Then there is also the fact that I came to many of these conclusions myself without even knowing they came from the Pagan Mysteries. What should I make of that? Perhaps that I was an initiate of some degree in a previous life and somehow was in touch with my Higher Self? That must be what makes me intelligent and willing to use that intelligence for the Greater Good - something I have in common with Pythagoras, Socrates, and Plato. And, if Jesus did exist in the same way as He's described in the Bible (even though it is unclear if the evidence supports it), this must have been the case for him too - he would have been an initiate of the Pagan Mysteries in a previous life and came back to teach the Divine Wisdom he had learned.

Do you have a better explanation? If you do I'd love to hear it.

Sunday, August 5, 2007


Amy's priest last week told us a story about a little girl with leukemia he went to visit in the hospital. "Do you pray?", he asked her. "Sometimes I pray. Sometimes I just say my prayers."

This is a really powerful statement and my biggest pet peeve about the Catholic church. We focus so much on form prayer and it leaves little room for actually praying and thinking about what the gospels and readings are saying.

Tuesday, June 12, 2007

Why to admire Haleola

- Good quotes/exerpts from "Moloka'i" -

1. (p. 71)

"My husband is very sick."

"I know," Damien acknowledged. "Would he...like to receive the sacraments?"

"We are not Christian."

"It's never too late to come to God. I can baptize him now, before..."

"No, thank you," Haleola said coldly.

The priest took a step inside. His tone grew more emboldened. "For your husband's sake, consider. Would you deprive him of the joys of heaven?"

Haleola ignored him. Damien's tone became harsher. "Would you condemn him to everlasting perdition?" he asked. "A moment in hell contains a thousand tortures. Is that what you want for your husband - eternal torment? Because make no mistake," and here his voice fairly boomed, "that is precisely what awaits him if he dies a sinner!"

Something cold and angry broke loose inside Haleola.

"My husband is a good man!" she cried, as vehemently as Damien. "An honest, loving, decent man! He gave me three beautiful sons - sheltered us with his tenderness - never let us go hungry or homeless! And now you tell me he's a 'sinner,' that he's going to burn in some fiery place forever, you dare to tell me that?

"If that is your God, Father Kamiano, your Jehovah, who would condemn a kind and tender man to hell for the sin of not believing in him - then I shall follow my Keo to hell, as I followed him to this one, and together we spit on your God and his heaven!"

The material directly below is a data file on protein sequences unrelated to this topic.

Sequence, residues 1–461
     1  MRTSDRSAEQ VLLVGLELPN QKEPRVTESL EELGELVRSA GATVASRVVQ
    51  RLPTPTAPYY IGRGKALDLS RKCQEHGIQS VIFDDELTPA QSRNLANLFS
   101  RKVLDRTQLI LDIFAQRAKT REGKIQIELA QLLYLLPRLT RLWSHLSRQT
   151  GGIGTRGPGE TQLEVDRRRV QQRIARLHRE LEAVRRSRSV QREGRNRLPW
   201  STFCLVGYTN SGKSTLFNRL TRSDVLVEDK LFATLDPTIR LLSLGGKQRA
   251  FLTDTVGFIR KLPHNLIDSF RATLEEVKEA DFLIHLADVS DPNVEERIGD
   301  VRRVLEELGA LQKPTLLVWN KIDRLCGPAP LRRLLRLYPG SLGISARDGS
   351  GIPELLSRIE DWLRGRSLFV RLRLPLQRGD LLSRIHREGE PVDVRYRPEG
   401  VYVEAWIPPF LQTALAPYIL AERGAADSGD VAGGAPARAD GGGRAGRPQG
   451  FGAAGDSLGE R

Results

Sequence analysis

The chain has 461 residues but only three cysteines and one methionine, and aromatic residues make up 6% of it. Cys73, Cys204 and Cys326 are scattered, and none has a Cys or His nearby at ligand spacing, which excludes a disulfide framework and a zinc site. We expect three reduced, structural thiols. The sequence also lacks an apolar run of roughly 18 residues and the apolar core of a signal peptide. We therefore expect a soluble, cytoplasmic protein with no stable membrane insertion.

She spat enthusiastically at his feet, and for once in his clerical life Damien was speechless.

(I hope you will agree with me when I say this is what not to do as a Christian....or Catholic, at that.)

2. (p. 180)

"Auntie? Do you...still believe in the old gods? Are they still real to you?"

Haleola seemed surprised, even amused, by the question. "Aouli," she said, "is a daughter 'born from the brain' of her mother any less believable than a virgin who gives birth to the Son of God?"

"That wasn't what I asked."

"I know." Haleola stood, a bit shakily, and signed. "I wish that I had been born fifty years before I was," she said. "Before the kapus were overthrown. When things were more certain. All my life I've lived in two worlds - the world my mother raised me to believe in, and the world around me. As a healer I was taught that sickness came from the soul, from a person's past actions and state of mind. Yet I've seen with my own eyes the tiny creatures that live in our blood, the 'microbes' that supposedly make us sick. Which do I believe? Maybe both."

Monday, June 4, 2007

Another argument for We Are All One

On that day you will realize that I am in my Father, and you are in me, and I am in you. ~John 14: 20

Thursday, May 31, 2007

Time article

I don't know how long this link will be available for but here's a good article "Why We Should Teach the Bible in Public School" http://www.time.com/time/magazine/article/0,9171,1601845,00.html
Time - April 2, 2007 p. 40-46 (cover story)

Wow I decided to post this before I had even read the article to completion...let me just say it gives a lot of validation to my decision to go to Dr. Fox's World Religions class and to post my thoughts on it on this blog. Christianity is the root of our civilization and its influence can be seen in many Western movies (which I didn't even realize) as well as in other religions ("'The Golden Rule remix!'").

Sunday, April 29, 2007


"No one has ever seen God; but if we love one another, God lives in us and his love is made complete in us." ~1 John 4:12

Sunday, April 15, 2007

Jesus = God